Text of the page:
The morbidity of my mind was astonishing: Death and its kin were constant companions. I saw Death everywhere, and I saw winding sheets and toe tags and body bags in my mind’s eye. Everything was a reminder that everything ended at the charnel house. My memory always took the black line of the mind’s underground system; thoughts would go from one tormented moment of my past to the next. Each stop along the way was worse than the preceding one. And, always, everything was an effort. Washing my hair took hours to do, and it drained me for hours afterward; filling the ice-cube tray was beyond my capacity, and I occasionally slept in the same clothes I had worn during the day because I was too exhausted to undress.

During this time I was seeing my psychiatrist two or three times a week and, finally, again taking lithium on a regular basis. His notes, in addition to keeping track of the medications I was taking—I had briefly taken antidepressants, for example, but they had only made me more dangerously agitated—also recorded the unrelenting, day-in and day-out, week-in and week-out, despair, hopelessness, and shame that the depression was causing: “Patient intermittently suicidal. Wishes to jump from the top of hospital stairwell”; “Patient continues to be a significant suicide risk. Hospitalization is totally unacceptable to her and in my view she cannot be held under LPS [the California commitment law]”; “Despairs for the future; fears recurrence and fears having to deal with the fact that she has felt what she has felt”; “Patient feels very embarrassed about feelings she has and takes attitude that regardless of the course of her depression she ‘won’t put up with it’ ”; “Patient reluctant to be with people when depressed because she feels her depression is such an intolerable burden on others”; “Afraid to leave my office. Hasn’t slept in days. Desperate.” At this point there was a brief lull in my depression, only to be followed by its seemingly inevitable, dreadful return: “Patient feels as if she has cracked. Hopeless that depressed feelings have returned.”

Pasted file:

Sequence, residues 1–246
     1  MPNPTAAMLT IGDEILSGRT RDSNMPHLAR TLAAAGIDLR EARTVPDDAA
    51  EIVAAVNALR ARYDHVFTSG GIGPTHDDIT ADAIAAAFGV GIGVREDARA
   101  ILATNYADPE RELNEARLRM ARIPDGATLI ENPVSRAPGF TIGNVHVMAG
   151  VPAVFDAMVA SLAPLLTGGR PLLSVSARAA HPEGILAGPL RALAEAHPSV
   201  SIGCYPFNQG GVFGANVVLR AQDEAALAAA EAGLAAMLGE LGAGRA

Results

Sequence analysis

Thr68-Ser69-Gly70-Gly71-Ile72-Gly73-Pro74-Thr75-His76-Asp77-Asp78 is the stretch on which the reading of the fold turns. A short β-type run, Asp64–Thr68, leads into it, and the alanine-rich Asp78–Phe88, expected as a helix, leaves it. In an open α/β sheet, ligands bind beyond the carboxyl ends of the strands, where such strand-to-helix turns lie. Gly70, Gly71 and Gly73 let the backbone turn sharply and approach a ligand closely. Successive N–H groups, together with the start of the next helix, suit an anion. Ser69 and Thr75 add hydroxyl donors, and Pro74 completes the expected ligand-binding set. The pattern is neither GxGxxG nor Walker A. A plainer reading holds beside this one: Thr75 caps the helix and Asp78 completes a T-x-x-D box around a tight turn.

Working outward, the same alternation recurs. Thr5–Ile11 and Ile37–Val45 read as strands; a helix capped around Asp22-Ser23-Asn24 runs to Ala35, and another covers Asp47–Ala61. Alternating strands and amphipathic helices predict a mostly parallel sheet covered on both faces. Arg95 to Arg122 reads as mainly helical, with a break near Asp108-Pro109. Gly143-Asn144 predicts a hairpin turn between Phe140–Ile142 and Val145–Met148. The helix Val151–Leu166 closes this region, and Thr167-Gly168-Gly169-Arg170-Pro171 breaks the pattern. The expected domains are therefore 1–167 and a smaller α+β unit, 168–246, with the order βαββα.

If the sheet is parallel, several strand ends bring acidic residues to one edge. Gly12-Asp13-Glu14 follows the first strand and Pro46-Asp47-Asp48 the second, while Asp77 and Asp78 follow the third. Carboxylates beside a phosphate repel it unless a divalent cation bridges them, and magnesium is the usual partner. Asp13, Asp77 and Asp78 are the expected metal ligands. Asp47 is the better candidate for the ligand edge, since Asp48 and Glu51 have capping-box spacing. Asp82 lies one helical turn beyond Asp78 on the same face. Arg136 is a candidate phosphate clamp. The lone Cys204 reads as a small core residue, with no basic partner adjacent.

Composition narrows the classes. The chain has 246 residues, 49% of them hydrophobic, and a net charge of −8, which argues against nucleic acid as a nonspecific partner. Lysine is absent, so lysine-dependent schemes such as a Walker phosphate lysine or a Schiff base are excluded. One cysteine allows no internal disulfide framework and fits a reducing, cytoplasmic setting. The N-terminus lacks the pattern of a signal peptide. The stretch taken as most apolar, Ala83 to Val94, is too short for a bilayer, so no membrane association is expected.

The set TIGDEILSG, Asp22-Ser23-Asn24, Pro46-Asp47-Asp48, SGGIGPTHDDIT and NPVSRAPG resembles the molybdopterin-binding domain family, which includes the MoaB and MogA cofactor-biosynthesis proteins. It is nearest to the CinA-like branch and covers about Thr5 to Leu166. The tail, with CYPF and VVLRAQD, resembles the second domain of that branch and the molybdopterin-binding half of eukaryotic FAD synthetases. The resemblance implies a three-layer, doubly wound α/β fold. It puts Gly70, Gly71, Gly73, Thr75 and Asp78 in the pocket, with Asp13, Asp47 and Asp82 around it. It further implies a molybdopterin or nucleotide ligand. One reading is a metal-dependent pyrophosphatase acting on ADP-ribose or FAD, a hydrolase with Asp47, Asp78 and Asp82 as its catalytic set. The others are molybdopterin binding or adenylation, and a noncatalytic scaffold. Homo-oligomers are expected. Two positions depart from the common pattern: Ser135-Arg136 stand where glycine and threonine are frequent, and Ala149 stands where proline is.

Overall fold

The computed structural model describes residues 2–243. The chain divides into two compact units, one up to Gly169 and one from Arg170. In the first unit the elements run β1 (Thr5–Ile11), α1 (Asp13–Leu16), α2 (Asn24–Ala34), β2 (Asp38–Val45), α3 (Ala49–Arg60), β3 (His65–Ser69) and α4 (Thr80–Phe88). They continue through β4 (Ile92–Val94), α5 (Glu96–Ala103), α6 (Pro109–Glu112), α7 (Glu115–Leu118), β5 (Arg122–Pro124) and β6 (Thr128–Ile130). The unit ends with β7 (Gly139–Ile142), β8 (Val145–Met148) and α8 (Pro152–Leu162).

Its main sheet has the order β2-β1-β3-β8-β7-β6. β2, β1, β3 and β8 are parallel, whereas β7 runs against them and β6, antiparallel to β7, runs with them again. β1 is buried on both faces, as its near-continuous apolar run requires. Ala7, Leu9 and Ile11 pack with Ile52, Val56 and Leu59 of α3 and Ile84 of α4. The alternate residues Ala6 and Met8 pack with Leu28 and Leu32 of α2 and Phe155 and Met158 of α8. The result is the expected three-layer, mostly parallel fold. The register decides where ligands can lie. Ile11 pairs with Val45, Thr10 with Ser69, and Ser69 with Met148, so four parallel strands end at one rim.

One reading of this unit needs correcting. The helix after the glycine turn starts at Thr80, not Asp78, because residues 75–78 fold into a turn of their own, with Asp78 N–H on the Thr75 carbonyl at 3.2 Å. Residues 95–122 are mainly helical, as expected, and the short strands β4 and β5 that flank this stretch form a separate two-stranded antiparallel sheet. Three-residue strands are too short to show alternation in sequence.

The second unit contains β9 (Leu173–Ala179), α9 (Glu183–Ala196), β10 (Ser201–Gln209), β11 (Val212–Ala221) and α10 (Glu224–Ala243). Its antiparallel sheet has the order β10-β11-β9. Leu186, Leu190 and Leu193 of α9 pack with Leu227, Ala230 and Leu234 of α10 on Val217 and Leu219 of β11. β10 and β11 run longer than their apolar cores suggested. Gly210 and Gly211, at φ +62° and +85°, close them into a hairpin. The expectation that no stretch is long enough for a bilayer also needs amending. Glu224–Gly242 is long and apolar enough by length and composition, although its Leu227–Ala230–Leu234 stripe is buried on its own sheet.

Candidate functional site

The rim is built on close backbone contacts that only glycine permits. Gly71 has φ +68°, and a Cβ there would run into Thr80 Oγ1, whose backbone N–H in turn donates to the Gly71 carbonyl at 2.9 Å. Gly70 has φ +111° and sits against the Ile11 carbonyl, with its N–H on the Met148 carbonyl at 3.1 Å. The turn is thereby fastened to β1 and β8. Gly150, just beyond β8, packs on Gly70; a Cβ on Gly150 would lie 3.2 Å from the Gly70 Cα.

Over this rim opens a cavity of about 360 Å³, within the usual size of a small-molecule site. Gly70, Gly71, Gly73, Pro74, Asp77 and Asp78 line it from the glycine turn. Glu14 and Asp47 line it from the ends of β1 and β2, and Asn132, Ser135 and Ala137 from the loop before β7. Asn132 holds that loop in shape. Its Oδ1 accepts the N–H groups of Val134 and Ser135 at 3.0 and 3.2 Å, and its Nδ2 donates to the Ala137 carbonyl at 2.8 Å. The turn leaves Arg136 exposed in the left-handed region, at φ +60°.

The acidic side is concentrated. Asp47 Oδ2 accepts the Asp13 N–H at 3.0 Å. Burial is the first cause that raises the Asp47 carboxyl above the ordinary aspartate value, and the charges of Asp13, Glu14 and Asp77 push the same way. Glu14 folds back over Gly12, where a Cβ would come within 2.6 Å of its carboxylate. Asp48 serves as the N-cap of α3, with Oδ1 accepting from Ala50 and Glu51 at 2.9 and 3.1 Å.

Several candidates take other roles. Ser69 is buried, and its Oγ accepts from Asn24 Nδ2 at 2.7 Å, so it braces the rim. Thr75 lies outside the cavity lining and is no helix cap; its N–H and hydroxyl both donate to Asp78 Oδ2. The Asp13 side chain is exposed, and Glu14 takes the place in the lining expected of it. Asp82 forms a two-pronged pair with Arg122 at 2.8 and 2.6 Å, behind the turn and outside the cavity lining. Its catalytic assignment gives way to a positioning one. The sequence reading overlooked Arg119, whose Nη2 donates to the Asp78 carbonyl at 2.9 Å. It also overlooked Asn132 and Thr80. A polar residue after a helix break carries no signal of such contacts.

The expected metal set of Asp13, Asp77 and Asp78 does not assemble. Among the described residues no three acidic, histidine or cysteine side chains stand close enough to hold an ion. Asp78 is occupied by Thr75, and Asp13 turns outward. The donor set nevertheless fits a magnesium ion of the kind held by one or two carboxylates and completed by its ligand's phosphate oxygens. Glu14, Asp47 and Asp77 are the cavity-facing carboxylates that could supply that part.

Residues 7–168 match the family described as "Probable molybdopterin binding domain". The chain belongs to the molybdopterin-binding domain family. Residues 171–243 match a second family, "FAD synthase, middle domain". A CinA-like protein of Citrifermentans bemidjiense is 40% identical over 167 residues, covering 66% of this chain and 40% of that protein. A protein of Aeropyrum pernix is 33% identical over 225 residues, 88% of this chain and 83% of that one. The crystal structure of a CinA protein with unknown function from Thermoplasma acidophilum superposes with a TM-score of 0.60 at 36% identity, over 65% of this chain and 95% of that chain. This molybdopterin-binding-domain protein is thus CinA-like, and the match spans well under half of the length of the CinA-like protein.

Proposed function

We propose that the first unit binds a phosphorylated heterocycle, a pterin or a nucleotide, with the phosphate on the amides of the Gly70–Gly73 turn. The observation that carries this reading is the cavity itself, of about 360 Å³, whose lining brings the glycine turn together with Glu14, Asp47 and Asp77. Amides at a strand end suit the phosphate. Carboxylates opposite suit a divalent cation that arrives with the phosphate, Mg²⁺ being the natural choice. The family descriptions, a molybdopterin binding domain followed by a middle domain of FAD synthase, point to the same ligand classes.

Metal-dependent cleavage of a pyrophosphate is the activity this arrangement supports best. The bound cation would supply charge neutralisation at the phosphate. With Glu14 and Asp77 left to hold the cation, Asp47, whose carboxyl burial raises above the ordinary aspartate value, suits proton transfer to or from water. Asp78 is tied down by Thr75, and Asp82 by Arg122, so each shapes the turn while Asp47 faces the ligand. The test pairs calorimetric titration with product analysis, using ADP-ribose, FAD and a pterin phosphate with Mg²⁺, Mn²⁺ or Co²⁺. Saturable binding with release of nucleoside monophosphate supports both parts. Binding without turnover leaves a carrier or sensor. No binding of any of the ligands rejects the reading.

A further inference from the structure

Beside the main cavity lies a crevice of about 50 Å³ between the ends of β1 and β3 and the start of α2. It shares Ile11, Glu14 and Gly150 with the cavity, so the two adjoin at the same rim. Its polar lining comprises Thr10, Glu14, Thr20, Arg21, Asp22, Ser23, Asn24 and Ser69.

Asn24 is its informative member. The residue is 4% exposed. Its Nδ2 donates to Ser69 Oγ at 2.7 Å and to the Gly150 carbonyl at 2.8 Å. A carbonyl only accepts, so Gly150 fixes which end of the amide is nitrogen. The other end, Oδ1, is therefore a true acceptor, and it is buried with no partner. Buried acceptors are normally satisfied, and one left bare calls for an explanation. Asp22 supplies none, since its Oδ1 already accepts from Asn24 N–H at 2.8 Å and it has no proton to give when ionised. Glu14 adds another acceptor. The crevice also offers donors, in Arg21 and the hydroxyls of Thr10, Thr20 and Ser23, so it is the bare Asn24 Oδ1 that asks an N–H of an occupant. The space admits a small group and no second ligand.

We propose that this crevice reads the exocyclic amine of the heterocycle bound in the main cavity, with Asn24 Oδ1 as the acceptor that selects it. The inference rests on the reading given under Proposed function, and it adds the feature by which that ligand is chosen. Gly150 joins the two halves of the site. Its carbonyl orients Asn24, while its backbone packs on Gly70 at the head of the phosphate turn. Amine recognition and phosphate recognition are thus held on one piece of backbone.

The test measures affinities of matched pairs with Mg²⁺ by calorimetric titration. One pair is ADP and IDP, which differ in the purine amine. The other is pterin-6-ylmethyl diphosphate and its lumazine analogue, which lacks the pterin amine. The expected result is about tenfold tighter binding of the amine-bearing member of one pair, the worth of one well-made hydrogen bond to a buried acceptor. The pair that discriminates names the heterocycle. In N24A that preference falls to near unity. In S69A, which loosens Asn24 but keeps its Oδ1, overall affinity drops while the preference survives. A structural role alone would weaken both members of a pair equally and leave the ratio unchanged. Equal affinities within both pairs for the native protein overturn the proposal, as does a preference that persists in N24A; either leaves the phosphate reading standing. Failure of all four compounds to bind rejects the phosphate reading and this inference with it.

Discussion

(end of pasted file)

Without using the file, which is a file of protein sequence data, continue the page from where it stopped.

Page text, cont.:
At the time, nothing seemed to be working, despite excellent medical care, and I simply wanted to die and be done with it. I resolved to kill myself. I was cold-bloodedly determined not to give any indication of my plans or the state of my mind; I was successful. The only note made by my psychiatrist on the day before I attempted suicide was: “Severely depressed. Very quiet”.

An Unquiet Mind, by Kay Redfield Jamison.

What I’ve been watching

J’accuse (2019), by Roman Polanski. Polanski takes the focus away from Dreyfus and puts the light on the army officer who started to unravel the plot; it’s a dull officer conducting a dull investigation presented in a dull way, but I think the director does this on purpose, as a way to highlight, against this background of dullness, the core of the matter —the evil of injustice and the importance of honor. Score: 7.

Inside Man (2006), by Spike Lee. Nothing of value here —a pastiche not very competently made. It’s the kind of film I dislike to see —not too bad to drop but not good enough to watch, so you end up wasting your time. Available on Amazon Prime Video. Score: 5.

Only Angels Have Wings (1939), by Howard Hawks. If you’ve been reading this blog for some time, you know I like films who depict masculinity well, virtues and vices of it all along —and this film does exactly so, in section coping with grief. Plus: a good story perfectly told and played. Plus: Rita Hayworth, of course. Plus: a final sequence that surprises you and give full meaning to the film. Score: 9.

Fitzcarraldo (1982), by Werner Herzog. Sorry guys at the IMDB who so highly regard this film —I couldn’t finish it. Score: 4. Available on Amazon Prime Video.

Walk the Line (2005), by James Mangold. Life-story of Johnny Cash as told by himself in his book Man in Black. Kudos to Joaquim Phoenix and Reese Witherspoon for his great singing of all the songs in the film (and their acting, too). The problem with this film is —Cash, as depicted here, is neither an interesting character or a likeable one; furthermore, his character isn’t well constructed —it’s somewhat incoherent. Slight spoiler next: stop here —I liked the scene when he at last kills his father, in the Freudian way of course. Watch on Prime Video. Score: 7.

An Honest Liar (2014), by Tyler Measom & Justin Weinstein. Watch on Plex for free. Documentary about the life of James ‘The Amazing’ Randi, made possible thanks to a Kickstarter funding. Randi was a believer in truth, and those are precious; he was a giant in courage, intelligence and defiance. Don’t miss the part when Randi’s magicians fool once and again the scientists who are testing them. Score: 8.